Building Cross-Browser Background Effects with PNG Images
One of the most useful characteristics of PNG images (also called “pings”) is their great support for alpha-based transparency, a feature that makes them ideal for building professional-looking web page gradients. Nonetheless, as you possibly know, Internet Explorer 6 doesn’t render these graphics correctly when they contain transparent sections. Keep reading to find out how we can fix this problem.
Building Cross-Browser Background Effects with PNG Images (Page 1 of 4 )
The good news is that it’s possible to implement some simple workarounds with the assistance of CSS specification in order to tackle this IE-related issue. This makes it possible to build fancy web page backgrounds that use partially-transparent PNG images, and all with cross-browser capabilities.
But you’re probably wondering what steps are required to learn these workarounds as painlessly as possible. The answer is actually simple: jump forward and begin reading this article right now! Hopefully, by the end of this tutorial, you’ll be equipped with the necessary background to start building PNG-based web page gradients that will be displayed consistently on most modern browsers.
Now that you’re aware of the topics that are covered in this article series, I will review the concepts that were discussed in the last installment. This will help you grasp how they’ll link with the ones that I plan to deploy in this particular tutorial.
In simple terms, I finished the preceding chapter by demonstrating how to build a basic web page that had a background comprised of one single small PNG image tiled horizontally across the web page in question. Obviously, the most relevant thing to notice here is that this web page background used the alpha-based transparency that I mentioned earlier to achieve a smooth gradient effect along the entire web document.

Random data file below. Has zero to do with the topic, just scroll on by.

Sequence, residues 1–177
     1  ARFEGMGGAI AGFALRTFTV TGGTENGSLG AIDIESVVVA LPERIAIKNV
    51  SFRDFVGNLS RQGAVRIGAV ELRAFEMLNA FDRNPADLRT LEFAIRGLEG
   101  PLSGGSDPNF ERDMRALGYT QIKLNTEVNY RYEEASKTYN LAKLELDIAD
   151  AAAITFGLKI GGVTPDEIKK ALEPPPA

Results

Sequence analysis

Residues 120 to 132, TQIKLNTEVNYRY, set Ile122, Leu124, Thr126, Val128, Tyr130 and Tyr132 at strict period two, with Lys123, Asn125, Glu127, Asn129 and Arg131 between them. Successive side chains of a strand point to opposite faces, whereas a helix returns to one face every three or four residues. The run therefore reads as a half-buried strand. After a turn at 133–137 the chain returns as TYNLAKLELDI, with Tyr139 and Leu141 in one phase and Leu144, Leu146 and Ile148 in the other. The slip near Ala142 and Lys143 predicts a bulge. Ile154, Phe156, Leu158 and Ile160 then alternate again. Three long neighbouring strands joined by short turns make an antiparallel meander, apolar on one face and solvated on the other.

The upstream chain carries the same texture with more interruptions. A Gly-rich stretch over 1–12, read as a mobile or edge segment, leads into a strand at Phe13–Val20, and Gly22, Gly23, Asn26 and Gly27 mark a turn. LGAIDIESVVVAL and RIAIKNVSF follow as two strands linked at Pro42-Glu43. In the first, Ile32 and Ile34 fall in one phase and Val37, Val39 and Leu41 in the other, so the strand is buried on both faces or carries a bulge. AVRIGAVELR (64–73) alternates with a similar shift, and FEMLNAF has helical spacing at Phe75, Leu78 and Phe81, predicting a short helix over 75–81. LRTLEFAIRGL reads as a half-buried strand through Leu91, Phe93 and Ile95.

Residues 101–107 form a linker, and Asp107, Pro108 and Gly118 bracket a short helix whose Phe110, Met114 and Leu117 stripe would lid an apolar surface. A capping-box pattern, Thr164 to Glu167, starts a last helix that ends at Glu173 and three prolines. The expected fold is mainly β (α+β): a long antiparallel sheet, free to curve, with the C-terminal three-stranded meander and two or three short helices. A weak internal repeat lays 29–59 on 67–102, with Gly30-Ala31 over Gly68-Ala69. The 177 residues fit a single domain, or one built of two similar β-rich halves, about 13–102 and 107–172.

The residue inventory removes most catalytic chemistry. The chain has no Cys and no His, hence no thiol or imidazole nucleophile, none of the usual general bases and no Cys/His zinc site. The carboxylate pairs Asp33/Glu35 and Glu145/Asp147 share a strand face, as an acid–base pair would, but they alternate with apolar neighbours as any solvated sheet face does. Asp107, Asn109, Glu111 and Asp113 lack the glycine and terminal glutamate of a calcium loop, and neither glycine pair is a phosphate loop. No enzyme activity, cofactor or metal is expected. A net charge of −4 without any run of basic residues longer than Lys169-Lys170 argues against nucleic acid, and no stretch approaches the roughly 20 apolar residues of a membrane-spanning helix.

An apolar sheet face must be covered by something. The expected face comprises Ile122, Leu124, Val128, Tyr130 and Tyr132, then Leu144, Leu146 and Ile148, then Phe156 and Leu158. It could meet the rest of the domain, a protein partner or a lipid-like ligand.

As you may have guessed, this approach simply doesn’t work as expected with IE 6 and below, because it lacks appropriate support for PNG graphics that include certain transparent areas. This can be a big headache if you’re trying to construct web page backgrounds that will be displayed consistently by the majority of modern browsers.
However, as I said before, this issue can be fixed with relative ease via the implementation of a few CSS workarounds. Thus, in this second article of the series, I’m going to show you how to apply them. This will facilitate the creation of web page gradients that use alpha-based transparency to achieve this fancy visual effect.
Now it’s time to start learning a few simple approaches with CSS that will let you build lightweight, PNG-based web page gradients that will work with most browsers. Let’s go!